John, nice to see a Habs fan here Is the Company 2011 Philharmonic DVD still happening? You're right of course about bodies. A fit guy, really into the 80s even, in the old days never had a six pack (unless they were young and it was completely natural), etc. I mean now when someone comments that someone is "barrel chested" it's seen as something of a dis... (This is neither here nor there, but it really has rapidly started to get nearly as bad for guys I believe--especially the generation under me--body image wise as it long has been for girls, instead of getting better for girls). Of course in the case of the Mad Men guys, even if their bodies could handle much physical exertion between the smoking, eating and drinking, I'm not sure they'd have the time.
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Eric, you don't exaggerate by much. I used to teach Claire McIntyre's brilliant play, LOW LEVEL PANIC, about media images and women's body issues. By the mid-90s, my male students were writing that they were just as concerned with appearance as the females and the play spoke directly to them.
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I'll have to track down that play--I haven't even heard of it. I certainly was aware of that in the 90s when I was a teen (and even if you compare the average shirtless movie or soap star from the early 80s to the mid 90s there's a huge difference), and it's changed even more drastically since. I know a few years back I did some work at my old high school and I couldn't believe how utterly styled, plucked and coiffed most of the guys seemed--but there's next to no chance of watching a tv teen soap on the CW or something, for example, and seeing a guy shirtless who doesn't have a six pack, and is probably hairless as well.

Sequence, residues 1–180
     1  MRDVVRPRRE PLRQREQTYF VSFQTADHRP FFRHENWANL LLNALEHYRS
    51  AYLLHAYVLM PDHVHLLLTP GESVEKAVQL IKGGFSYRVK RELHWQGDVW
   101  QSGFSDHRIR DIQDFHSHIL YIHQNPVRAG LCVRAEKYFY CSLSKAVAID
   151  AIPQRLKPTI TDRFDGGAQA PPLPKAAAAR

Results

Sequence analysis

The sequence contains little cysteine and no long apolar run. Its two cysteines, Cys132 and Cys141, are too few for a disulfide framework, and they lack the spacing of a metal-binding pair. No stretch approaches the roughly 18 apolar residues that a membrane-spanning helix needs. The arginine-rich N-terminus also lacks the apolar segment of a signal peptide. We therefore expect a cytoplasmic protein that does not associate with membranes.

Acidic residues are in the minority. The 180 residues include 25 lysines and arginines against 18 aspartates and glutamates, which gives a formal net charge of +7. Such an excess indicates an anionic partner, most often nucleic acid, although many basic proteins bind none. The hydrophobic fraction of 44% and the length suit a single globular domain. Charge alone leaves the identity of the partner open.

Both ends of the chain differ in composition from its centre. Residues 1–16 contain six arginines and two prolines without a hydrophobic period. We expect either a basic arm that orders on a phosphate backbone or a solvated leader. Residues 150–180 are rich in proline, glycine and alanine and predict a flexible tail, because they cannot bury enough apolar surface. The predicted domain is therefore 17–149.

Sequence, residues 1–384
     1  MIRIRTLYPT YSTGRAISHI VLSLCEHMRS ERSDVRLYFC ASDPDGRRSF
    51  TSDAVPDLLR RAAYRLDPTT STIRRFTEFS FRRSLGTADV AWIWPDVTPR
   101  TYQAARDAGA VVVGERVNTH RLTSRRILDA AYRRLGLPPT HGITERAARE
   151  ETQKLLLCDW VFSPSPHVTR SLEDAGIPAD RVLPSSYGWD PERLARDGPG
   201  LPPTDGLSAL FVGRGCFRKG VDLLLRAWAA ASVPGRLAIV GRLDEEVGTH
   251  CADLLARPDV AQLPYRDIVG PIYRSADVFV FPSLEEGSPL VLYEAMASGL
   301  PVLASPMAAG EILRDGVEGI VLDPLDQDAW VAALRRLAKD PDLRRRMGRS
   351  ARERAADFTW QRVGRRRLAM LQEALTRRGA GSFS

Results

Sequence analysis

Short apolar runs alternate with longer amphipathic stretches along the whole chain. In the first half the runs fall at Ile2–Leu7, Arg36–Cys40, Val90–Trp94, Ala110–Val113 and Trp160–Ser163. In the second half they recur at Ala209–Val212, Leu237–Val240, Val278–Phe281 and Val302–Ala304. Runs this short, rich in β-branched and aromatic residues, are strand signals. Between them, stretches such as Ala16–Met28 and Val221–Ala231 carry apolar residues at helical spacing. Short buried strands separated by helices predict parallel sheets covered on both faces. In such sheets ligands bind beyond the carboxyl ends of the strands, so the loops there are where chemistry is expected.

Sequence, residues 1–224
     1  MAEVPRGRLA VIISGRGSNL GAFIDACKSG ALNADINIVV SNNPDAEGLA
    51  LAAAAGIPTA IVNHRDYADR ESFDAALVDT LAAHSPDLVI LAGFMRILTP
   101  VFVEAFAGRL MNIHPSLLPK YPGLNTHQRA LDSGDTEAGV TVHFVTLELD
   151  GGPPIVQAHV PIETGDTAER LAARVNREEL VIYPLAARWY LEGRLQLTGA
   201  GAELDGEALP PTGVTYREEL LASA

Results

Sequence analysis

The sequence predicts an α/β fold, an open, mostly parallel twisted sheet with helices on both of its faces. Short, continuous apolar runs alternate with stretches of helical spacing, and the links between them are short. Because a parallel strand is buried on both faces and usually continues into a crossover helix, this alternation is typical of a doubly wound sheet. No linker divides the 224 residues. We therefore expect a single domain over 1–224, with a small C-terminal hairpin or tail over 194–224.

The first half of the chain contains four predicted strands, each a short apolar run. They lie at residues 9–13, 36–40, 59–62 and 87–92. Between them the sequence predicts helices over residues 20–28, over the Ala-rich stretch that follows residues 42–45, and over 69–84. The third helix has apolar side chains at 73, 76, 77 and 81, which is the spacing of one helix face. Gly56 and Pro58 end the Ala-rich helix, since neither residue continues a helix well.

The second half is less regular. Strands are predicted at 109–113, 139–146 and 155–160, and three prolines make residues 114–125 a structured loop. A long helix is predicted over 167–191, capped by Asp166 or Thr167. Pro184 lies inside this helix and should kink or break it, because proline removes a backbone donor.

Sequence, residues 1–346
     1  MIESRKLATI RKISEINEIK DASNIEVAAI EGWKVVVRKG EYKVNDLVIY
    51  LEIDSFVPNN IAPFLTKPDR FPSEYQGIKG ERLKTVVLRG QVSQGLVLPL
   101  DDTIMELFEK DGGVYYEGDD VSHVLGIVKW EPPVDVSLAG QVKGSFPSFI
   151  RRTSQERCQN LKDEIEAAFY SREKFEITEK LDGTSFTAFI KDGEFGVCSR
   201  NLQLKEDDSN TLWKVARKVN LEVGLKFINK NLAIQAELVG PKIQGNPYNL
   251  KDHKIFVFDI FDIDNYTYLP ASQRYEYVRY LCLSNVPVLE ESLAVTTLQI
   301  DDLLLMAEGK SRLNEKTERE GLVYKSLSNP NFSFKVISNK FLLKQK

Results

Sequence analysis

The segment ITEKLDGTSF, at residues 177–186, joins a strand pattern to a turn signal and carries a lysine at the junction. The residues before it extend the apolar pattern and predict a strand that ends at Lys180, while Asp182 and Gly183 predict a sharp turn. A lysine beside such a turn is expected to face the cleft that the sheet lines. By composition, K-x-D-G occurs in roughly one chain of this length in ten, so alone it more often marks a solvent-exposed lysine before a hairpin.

I guess some of it is just due to the ever increasing role of images and the media in our world, and some of it is an unfortunate side effect of the fact that the genders *are* far more equal (and so guys are increasingly as objectified as women). I do know that eating disorders (such as anorexia) used to be really very rare for men compared to women, the exceptions often being largely in the gay community, but now they are starting to even out (whereas I get the impression for guys the main issue used to be not being bulky enough).

Not really sure what this has to do with Bobby Bubbi, but it is interesting to think about how much some things have changed since the time of Company, while in many ways (to me anyway) it still feels like such a modern show--unlike something like South Pacific or How to Succeed which always felt very much of their time (again, to me). And I think some of these changes really aren't taken into proper account by some productions.
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It is a great play, Eric. I can't recommend it too highly. It is published in a volume with MY HEART IS A SUITCASE, so you may find it listed under that name. I must have seen at least half a dozen productions of it during my years at UCLA, because it's physically easy (one set, 3 women) and because it resonated so well with the students.